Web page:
As has been the case for several films now, Marvel Studios finds themselves at a crossroads in a post-Avengers: Endgame era of their cinematic universe.
Many of their most popular characters are gone from the franchise and the massive decade-long arc came to a head several years ago now, leaving fans clamoring for the breadcrumbs of what’s to come in every single new movie, post-credit sequence or hidden Easter egg.
It’s as if in the indecisiveness of figuring out what’s next and who Marvel is going to be, everyone forgot about the simple fun of heroes beating up bad guys.
Taika Waititi’s second foray into the Marvel Cinematic Universe challenges this unease by ignoring it altogether, opting for a relatively straightforward comedy with some deep seeded emotional stakes that doesn’t care about what’s happening in the larger picture. It’s honestly refreshing, harkening back to the early days of the MCU where films were less serial and episodic and more bottled into one storyline that ends when the credits roll.
Thor: Love and Thunder is technically the fourth film to feature the Norse god turned superhero and Chris Hemsworth’s lighthearted performances in recent Marvel films as the titular Thor culminate in a genuinely nuanced turn for a largely comedic actor with the physique of an action star.
Waititi’s film finds Thor at a similar crossroads to Marvel, somewhat bloated and unsure where to go next. When a wayward devotee to a different god loses faith completely, Thor must stop this alien Gorr before he slaughters every god across the galaxy.
Hemsworth is giving perhaps his most well-rounded turn now eight Marvel films deep as Thor, relishing in every opportunity to ham it up comedically but also finding the range to be more convincing emotionally. It’s especially difficult to pull off when working opposite computer generated images and Hemsworth is equally adept at subtle facial comedy playing off an ex-girlfriend, new girlfriend gag with Thor’s axe as he is at deeper moments opposite Natalie Portman.
Christian Bale – best known to superhero film fans for his work as Batman in Christopher Nolan’s Dark Knight trilogy – takes a walk deep into the shadows for his haunting turn as Gorr the God-Butcher. With a look reminiscent of Voldemort from the Harry Potter films and a horror-influenced demeanor, Bale is largely unrecognizable for much of Thunder and drives his performance through genuine emotion and character work often lacking in MCU films.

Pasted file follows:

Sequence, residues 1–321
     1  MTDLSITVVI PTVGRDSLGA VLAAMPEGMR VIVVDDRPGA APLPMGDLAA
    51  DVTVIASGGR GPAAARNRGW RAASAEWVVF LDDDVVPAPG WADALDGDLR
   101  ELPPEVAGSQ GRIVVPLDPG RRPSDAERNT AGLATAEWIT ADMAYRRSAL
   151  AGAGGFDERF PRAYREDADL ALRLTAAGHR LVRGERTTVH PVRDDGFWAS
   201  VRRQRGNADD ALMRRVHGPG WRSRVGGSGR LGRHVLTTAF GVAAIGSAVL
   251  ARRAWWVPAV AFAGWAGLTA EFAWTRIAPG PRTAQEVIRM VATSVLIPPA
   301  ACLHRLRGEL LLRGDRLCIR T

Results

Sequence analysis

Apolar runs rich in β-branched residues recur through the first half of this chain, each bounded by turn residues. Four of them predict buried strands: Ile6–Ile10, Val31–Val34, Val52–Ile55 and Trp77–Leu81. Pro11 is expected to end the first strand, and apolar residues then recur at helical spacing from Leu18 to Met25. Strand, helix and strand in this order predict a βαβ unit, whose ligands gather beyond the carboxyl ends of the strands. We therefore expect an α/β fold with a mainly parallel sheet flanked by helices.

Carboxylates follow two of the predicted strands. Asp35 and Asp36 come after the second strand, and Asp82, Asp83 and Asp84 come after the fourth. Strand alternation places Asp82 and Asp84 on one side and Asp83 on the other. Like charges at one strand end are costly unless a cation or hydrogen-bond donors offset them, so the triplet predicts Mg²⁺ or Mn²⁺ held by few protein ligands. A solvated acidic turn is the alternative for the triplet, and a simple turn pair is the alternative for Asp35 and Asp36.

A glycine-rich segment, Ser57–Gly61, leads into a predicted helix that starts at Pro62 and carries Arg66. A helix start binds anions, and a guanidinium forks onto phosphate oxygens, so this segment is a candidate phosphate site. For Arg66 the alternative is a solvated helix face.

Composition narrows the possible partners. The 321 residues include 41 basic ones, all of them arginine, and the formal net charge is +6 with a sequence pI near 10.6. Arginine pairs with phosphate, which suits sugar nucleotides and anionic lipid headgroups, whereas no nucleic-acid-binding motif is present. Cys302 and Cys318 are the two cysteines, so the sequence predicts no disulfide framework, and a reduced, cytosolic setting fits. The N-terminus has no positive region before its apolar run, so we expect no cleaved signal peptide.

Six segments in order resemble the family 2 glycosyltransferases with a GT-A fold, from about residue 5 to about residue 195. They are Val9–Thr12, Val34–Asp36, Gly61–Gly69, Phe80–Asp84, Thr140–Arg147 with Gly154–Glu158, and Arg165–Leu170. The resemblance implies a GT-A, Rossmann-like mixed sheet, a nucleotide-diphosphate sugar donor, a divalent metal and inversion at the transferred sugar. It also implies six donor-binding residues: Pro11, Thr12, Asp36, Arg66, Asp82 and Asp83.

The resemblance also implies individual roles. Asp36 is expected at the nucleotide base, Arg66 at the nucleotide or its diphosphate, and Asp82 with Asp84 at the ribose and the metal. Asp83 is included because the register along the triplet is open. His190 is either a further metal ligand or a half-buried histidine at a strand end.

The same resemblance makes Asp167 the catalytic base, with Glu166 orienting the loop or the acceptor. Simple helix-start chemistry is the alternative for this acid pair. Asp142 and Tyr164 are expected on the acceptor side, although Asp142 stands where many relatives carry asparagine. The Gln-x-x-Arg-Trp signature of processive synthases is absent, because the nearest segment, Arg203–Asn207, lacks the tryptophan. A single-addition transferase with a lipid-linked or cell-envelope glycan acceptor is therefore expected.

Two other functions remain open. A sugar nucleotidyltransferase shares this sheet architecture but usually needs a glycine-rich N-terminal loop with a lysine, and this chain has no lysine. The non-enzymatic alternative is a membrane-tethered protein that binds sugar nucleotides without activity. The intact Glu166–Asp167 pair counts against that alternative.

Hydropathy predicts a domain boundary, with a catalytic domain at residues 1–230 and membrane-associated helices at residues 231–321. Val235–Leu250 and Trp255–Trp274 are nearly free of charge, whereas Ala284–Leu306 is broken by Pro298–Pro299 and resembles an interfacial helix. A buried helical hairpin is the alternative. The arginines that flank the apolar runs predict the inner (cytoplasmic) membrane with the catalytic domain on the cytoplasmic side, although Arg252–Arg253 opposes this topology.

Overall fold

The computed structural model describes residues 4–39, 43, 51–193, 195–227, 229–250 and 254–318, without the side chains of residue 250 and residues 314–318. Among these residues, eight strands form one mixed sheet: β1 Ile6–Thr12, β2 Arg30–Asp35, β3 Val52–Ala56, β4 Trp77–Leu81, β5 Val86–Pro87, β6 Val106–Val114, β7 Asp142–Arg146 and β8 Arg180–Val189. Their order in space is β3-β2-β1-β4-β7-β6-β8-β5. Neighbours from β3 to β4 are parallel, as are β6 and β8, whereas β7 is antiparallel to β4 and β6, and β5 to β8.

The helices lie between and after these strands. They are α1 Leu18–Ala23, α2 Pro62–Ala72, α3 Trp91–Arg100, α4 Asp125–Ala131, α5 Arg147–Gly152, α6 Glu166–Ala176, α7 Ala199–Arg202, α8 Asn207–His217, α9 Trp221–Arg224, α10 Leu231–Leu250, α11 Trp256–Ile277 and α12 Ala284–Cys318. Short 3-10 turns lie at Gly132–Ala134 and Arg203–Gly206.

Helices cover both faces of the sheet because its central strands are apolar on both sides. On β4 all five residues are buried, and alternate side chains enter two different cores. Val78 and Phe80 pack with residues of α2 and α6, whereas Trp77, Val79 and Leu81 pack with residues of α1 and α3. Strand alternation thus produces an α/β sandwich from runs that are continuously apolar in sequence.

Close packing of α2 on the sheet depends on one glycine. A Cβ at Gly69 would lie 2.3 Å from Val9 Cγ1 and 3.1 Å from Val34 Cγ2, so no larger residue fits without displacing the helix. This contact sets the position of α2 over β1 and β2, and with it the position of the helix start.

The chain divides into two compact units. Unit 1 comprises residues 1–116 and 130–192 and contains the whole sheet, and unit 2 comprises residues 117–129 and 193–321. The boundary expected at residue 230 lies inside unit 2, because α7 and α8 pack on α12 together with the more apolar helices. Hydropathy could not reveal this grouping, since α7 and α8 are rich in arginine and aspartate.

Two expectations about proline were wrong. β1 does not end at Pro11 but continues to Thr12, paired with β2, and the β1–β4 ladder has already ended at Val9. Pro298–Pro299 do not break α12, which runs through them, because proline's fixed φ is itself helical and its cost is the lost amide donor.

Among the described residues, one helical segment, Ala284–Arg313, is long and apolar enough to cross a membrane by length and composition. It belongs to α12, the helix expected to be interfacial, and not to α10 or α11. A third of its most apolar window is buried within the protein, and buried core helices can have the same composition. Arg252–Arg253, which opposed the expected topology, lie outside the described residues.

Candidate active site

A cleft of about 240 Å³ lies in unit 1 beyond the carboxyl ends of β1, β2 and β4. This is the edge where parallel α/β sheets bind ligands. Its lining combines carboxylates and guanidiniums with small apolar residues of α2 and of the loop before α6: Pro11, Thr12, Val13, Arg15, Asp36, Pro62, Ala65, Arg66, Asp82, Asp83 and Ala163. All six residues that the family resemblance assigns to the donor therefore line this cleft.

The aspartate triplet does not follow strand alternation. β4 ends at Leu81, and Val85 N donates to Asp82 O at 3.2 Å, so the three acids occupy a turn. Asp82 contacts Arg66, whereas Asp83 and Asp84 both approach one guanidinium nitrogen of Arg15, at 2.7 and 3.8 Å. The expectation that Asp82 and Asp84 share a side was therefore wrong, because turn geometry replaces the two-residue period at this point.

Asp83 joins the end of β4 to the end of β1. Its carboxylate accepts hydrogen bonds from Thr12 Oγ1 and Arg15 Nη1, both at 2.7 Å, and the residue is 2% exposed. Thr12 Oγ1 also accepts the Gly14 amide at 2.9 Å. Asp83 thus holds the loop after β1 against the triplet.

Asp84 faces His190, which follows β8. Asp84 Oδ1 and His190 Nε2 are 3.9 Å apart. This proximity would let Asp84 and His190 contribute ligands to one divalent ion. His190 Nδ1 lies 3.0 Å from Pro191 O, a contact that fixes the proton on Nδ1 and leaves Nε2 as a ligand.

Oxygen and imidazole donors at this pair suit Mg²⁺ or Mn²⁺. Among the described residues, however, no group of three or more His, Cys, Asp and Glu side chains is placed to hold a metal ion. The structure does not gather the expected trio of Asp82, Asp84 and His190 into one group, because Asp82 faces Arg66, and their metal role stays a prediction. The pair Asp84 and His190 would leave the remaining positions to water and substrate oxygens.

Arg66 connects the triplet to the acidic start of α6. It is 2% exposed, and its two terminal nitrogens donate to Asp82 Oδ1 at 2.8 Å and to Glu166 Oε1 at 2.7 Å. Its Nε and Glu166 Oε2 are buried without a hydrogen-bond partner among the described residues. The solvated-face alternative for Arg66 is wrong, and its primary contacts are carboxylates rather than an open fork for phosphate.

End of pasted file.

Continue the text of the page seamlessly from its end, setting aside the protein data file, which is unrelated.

In reality, it’s pretty clear that Bale hasn’t seen many – if any – Marvel movies and is approaching Gorr more dramatically than most villains in the series, which helps make Gorr one of the best antagonists in the entire franchise.
It also helps that Waititi’s strongest moments directorially are in the visuals surrounding Gorr’s character, stripping color and boosting the contrast to the brink to bring the shadow world the character creates to its maximum haunting potential.
Although the CGI doesn’t always land crisply throughout the film, the hyper-stylized black and white contrast in these sequences add a lot to both the character development and horror-tinged elements of Thunder.
Portman returns to the Thor films after a nearly-decade long hiatus and is funnier than one might expect in a naivety sort of way as love interest Jane Foster and it’s her ability to bring emotional gravitas in needed moments that helps round out Thor’s character arc relatively smoothly.
Thunder firmly sits as a middle of the road entry in the larger Marvel Cinematic Universe, not offering enough in either long-term world building nor fully engaging storyline to crack the top tier of MCU movies. But it’s hard to question the film either as it’s clearly superior to many of the early sequels like the second and third Iron Man films and especially Thor: The Dark World.
Waititi and Hemsworth’s complete transformation of the Thor character from where it was in 2013 as a stiff Shakespearean caricature to arguably the most entertaining Marvel superhero outside of Spider-Man needs to be recognized.
Thunder does exactly what it needs to, help bridge the gap for Thor after the losses in “Avengers: Endgame” and craft a clear path moving forward.
A quirky comedy with a decent amount of heart and some entertaining action sequences along the way, Thor: Love and Thunder is probably a Marvel film ardent fans of the franchise will grow to appreciate more after its theatrical run.